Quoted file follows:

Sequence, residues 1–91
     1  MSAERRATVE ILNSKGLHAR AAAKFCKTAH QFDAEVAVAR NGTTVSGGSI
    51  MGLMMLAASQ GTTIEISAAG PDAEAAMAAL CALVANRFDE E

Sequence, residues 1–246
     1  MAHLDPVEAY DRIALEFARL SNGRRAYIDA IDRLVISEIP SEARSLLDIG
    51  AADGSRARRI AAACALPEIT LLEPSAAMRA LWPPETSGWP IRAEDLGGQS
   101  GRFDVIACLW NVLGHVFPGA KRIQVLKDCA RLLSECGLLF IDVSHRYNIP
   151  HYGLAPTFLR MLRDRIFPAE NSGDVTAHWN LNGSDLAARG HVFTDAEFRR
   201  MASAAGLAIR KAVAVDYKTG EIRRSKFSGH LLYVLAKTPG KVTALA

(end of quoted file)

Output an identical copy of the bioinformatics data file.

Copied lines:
Sequence, residues 1–91
     1  MSAERRATVE ILNSKGLHAR AAAKFCKTAH QFDAEVAVAR NGTTVSGGSI
    51  MGLMMLAASQ GTTIEISAAG PDAEAAMAAL CALVANRFDE E

Sequence, residues 1–246
     1  MAHLDPVEAY DRIALEFARL SNGRRAYIDA IDRLVISEIP SEARSLLDIG
    51  AADGSRARRI AAACALPEIT LLEPSAAMRA LWPPETSGWP IRAEDLGGQS
   101  GRFDVIACLW NVLGHVFPGA KRIQVLKDCA RLLSECGLLF IDVSHRYNIP
   151  HYGLAPTFLR MLRDRIFPAE NSGDVTAHWN LNGSDLAARG HVFTDAEFRR
   201  MASAAGLAIR KAVAVDYKTG EIRRSKFSGH LLYVLAKTPG KVTALA